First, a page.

Appeared in Fall 1990, Vol. XVI, No. 3
“The problem with John Paul II is his ‘siege mentality’.” “Exactly,” comes the “liberal” response. “You see, he has been conditioned by the Polish experience where the Church was constantly under attack and so can’t appreciate the American tradition of freedom and dissent.” “Never,” say the “conservatives.” “The Holy Father is not conditioned by anything but is a brilliant man and, most importantly, the Vicar of Christ on earth.” To which, I say, in a sense, “A plague on both your houses.”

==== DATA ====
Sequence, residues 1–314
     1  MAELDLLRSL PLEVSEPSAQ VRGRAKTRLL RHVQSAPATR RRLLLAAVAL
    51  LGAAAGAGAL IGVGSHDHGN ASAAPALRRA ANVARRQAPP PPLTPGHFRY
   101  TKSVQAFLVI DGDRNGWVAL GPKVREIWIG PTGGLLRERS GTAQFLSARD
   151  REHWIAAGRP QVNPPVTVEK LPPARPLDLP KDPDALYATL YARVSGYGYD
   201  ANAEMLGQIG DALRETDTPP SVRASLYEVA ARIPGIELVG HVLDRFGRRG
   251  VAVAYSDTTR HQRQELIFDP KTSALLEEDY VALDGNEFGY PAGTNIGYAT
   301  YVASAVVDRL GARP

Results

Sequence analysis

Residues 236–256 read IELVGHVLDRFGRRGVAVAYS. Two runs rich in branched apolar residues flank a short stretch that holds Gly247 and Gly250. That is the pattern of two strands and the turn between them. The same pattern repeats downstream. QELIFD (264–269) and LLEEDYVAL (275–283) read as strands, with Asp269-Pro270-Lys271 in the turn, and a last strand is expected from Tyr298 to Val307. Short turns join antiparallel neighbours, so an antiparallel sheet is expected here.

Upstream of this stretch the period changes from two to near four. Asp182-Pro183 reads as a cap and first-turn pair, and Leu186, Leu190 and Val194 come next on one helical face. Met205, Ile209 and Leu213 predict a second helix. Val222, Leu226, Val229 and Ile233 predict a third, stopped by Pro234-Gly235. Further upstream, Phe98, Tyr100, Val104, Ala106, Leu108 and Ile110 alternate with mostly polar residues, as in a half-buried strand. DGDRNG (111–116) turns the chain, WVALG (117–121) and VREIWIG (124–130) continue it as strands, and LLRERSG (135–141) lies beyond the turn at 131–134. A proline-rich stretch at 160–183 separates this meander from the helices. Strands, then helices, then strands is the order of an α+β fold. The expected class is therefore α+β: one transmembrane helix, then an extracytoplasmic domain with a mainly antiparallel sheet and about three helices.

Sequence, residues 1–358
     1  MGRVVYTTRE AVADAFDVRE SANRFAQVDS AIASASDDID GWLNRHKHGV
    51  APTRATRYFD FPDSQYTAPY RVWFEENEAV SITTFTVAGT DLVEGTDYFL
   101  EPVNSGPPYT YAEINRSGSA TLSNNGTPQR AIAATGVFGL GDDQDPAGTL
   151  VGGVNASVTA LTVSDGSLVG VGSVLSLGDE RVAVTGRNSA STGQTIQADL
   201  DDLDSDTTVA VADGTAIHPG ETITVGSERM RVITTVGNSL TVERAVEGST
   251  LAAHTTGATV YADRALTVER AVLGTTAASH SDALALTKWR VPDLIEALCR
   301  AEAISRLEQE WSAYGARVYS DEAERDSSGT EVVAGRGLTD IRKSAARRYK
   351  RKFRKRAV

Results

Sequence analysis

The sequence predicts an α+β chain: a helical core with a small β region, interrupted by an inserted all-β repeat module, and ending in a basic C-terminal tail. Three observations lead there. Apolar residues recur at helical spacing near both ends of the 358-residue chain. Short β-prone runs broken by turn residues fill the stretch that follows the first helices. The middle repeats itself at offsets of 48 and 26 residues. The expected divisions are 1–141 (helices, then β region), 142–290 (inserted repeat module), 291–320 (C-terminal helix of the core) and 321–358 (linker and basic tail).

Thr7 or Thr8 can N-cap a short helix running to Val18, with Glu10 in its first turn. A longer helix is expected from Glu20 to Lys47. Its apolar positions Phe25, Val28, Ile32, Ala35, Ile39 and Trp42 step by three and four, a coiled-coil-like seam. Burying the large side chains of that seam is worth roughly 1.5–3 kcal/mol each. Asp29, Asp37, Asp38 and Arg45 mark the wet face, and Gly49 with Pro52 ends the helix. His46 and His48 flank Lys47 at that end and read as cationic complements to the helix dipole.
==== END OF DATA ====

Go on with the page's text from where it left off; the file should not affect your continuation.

Pope John Paul II does have a “siege mentality,” in my opinion. And yes, he has been heavily influenced by his Polish experience (but not limited by it, as his detractors assert). And it seems to me that providence could not have offered the modern Church a more thoroughly modern pope to deal with the modern world. To say that he does not understand the situation of the Church in the United States is tantamount to saying that he never understood the situation of the Church in Poland. The environments in which the two Catholic communities have functioned have been very similar, even if the historical responses to those respective environments have been very different. I leave aside for the moment any reflection on the Church in Eastern Europe since last year.
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